Discussion: US Justified Drone Killings By Citing Al-Qaeda Law

Discussion for article #224242

First President to directly order the assassination of U.S. citizens and their children with no due process what-so-ever. There’s your legacy you corrupt POS.

1 Like

Keeping this memo secret is proof they knew this was morally and legally wrong.

He was an enemy combatant, end of story.

6 Likes

Damn that POS Lincoln for ordering the killing of all those southern State’s soldiers without due process!

7 Likes

I’m not going to lose sleep over it. Let’s see how many concern trolls come out of the woodwork to argue on behalf of this guy’s constitutional rights, and make some argument based on the slippery slope theory. Gee, I can hardly wait…

Glenn Greenwald is sure to be preparing his next op-ed…as is Rand Paul. The dynamic duo.
Maybe its because I trust this President to keep me safe and not bullshit me like Bush did for 8 fucking years. Eh, I’m glad they got him.

4 Likes

I must be truly dense.
I would think that joining an organization that has killed thousands of Americans and being involved in operations to kill more is a de facto renunciation of your American citizenship.
I have a much bigger problem with Abu Ghraib and Guantanamo than I do with this.

8 Likes

Is it just me, or did the headline writer intend to confuse or mislead the reader? What “Al-Qaeda Law” did the DOJ memo cite?

1 Like

How about the constitutional right of his 14 year old son, also assassinated? Or assuming you can actually find any humanity within yourself, how about simple human rights? Is anyone who points out how horrific the things you “don’t lose sleep over” are a concern troll? What a short-sighted right-wing fool you are.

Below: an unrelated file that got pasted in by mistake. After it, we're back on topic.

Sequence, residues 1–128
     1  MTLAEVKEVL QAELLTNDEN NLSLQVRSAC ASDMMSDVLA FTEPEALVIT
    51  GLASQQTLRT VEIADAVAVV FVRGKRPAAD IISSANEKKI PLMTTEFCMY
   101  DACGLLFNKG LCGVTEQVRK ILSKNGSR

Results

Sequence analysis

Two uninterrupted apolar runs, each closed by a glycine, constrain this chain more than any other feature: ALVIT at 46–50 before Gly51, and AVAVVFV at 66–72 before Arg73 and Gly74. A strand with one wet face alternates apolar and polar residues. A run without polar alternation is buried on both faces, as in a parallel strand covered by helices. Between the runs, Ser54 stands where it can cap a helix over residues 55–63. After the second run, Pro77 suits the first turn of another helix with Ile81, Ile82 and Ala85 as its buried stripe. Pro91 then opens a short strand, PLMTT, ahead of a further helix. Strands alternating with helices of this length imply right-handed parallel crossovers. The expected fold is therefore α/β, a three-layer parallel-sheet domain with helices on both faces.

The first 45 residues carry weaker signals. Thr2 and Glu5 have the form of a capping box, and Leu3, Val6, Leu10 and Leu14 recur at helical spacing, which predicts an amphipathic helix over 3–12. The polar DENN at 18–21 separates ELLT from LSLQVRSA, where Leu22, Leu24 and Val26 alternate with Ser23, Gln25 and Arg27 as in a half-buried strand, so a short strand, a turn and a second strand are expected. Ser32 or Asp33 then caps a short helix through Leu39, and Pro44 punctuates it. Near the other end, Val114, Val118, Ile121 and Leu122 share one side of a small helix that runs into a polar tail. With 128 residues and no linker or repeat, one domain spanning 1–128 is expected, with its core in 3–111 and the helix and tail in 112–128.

Doesn’t it seem reasonable, if distasteful, to make war on those who have declared war on us? It would be nice and tidy to arrest these guys and try them for treason — what they do fits the definition perfectly — but that might be a little impractical. And as far as the son is concerned: the father must know all too well that there is a target on his back; if he cared for his son like a father should he would not want him anywhere close.
I am not a fan of terror hysteria (even though I walked by the corner with the smoking car on Broadway less than 24 hours earlier) but I don’t doubt that there are really people out there who want to kill Americans en masse and to me it makes more sense to attack them with relatively precise weapons (i.e. drones and missiles) then to storm in with ground troops. Or would you rather do nothing? or are you just enjoying a few moments of self-righteous indignation?

5 Likes

The Authorization for Use of Military Force (AUMF), Pub. L. 107-40, codified at 115 Stat. 224 and passed as S.J.Res. 23 by the United States Congress on September 14, 2001:

Section 1 - Short Title
This joint resolution may be cited as the ‘Authorization for Use of Military Force’.
Section 2 - Authorization For Use of United States Armed Forces